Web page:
Japan's Squid Ink Pizza Adds A Briny Taste To Every Bite

Is there anyone who doesn't love pizza? Even though pizza originated in Naples, Italy, travel anywhere in the world, and you'll see some iteration of the dish. In Japan, pizza is considered a high-end gourmet meal, as opposed to a grab-and-go option. Their topping options are a little more unique than the typical red sauce, cheese, and pepperoni. One of the popular but unusual options is a squid ink pizza. In Japan, seafood is a staple ingredient, so it shouldn't be surprising that seafood is incorporated into pizzas. Instead of just putting seafood on top, squid ink is used as the base for the pizza. 

The black squid ink is often mixed with tomato sauce and topped with the actual squid meat. The uniquely briny-flavored ink pairs well with the tomato sauce since the acidic tomato mellows any fishy flavor. If you're worried squid ink tastes overly fishy, you'd be happy to know it tastes better than you think. Many people think it has the saltiness and brininess of oysters or like the sea. Squid ink adds an umami flavor that boosts the overall seafood flavor of the dish. 

Pair your squid ink with seafood

In Japan, squid ink is called Ikasumi, and its use isn't limited to pizza. Much like the name suggests, squid ink is the jet black ink released by squid when they sense danger or predators. While it may be useful to the squid for protection, there are several culinary uses for squid ink. If you've ever dined at a Mediterranean restaurant and noticed a plate of black pasta, you've seen just one of the foods that can be made with squid ink. It may seem like squid ink is one of the newer haute cuisine trends, but it has been used for centuries. We can thank Sicily, Italy for reportedly being among the first to use cuttlefish ink to make Spaghetti al nero di seppie.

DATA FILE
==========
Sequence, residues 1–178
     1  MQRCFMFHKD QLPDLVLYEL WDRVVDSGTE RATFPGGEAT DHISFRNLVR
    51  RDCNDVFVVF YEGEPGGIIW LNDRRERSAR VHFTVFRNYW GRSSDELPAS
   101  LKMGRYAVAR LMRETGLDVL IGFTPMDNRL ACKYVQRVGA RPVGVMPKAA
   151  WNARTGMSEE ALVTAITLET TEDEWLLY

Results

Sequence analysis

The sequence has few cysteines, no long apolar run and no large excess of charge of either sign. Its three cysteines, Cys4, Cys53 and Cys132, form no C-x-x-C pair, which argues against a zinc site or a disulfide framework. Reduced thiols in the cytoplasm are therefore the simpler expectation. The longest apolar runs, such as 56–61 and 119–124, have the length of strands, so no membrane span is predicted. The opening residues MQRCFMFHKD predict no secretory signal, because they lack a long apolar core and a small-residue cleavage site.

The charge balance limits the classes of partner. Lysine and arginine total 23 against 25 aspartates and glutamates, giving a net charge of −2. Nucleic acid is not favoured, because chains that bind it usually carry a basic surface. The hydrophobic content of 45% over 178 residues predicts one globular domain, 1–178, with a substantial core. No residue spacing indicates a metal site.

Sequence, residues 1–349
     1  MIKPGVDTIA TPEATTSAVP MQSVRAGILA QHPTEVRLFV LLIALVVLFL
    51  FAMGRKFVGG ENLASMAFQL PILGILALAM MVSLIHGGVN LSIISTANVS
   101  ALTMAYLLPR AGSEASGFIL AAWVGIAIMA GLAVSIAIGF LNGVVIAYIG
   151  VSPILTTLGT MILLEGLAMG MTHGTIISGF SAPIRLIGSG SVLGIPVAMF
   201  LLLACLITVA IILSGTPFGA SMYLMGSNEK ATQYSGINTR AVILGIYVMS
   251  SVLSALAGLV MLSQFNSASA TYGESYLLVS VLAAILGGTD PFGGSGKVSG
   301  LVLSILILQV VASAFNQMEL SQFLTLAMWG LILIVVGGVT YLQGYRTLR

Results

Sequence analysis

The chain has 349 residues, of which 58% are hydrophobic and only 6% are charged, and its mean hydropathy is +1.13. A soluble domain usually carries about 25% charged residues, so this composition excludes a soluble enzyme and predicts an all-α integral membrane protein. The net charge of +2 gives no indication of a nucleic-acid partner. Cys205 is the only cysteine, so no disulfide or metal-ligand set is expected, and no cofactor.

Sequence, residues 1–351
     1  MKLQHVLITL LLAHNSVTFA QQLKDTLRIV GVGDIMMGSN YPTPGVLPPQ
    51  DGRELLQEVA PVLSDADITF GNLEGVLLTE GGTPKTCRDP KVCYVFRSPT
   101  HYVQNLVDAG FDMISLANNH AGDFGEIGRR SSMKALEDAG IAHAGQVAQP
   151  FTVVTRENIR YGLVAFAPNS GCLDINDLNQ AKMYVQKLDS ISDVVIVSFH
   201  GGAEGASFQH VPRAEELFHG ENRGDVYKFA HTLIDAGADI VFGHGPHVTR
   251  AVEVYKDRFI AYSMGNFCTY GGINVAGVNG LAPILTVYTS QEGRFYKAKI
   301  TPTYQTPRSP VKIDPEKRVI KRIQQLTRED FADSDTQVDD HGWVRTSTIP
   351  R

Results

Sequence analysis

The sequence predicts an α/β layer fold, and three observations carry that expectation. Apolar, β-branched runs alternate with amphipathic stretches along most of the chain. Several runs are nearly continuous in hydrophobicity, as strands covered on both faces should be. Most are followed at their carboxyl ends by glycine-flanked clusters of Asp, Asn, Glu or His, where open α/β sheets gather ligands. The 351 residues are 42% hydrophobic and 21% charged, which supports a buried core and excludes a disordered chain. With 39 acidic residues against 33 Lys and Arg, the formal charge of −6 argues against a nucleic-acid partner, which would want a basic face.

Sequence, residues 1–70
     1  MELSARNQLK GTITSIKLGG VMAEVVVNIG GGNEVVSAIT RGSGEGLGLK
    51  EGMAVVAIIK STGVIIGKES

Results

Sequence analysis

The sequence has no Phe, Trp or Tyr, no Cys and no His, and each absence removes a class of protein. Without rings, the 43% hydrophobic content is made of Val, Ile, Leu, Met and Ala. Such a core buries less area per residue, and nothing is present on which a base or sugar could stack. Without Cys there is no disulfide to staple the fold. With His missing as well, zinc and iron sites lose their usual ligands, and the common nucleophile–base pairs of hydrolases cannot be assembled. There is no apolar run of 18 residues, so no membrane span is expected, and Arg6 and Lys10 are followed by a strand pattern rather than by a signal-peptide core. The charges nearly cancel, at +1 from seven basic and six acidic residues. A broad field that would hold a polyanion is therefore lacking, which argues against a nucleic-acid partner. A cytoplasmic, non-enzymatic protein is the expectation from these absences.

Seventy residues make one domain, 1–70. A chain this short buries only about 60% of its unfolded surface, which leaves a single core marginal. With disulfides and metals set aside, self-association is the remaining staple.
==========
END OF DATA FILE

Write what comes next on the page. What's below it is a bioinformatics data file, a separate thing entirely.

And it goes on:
In Japan, squid ink pizza can refer to the sauce or the crust. If making pizza yourself or spending a pretty penny at a restaurant isn't an option, you can find frozen squid ink pizza in Japan. Ishigama Kobo created a frozen pizza with squid ink sauce that can be heated in a toaster oven. The squid ink sauce gives the pizza a dark black color but adds a hint of seafood flavor. To enhance the seafood flavor, the pizza is topped with pieces of squid. 

How to make squid ink pizza

When making squid ink pizza, the ratio of ink to dough needs to be correct so that it tastes good when finished. A basic pizza dough made with yeast, flour, sugar, and water is enhanced with two tablespoons of squid ink. It seems like a small amount, but two tablespoons are enough to color the dough jet black but not overpower it. Just like a classic pizza dough recipe, the squid ink dough is rested before being rolled out and smothered with sauce and toppings.

Since squid ink is from the sea, it pairs well with seafood and well as acidic and sweet tomatoes, lemon, and garlic. Many squid ink pizzas are topped with squid, but that isn't the only option. If you like a little heat, adding some chili flakes or fresh chiles to the sauce will pair well with the squid ink. Instead of typical pizza cheeses like mozzarella, parmesan, or Pecorino-Romano will make a better choice. 

If you're still skeptical about eating squid ink, know that squid ink has amazing health benefits. Some benefits include possibly lowering high blood pressure and increasing your immunity.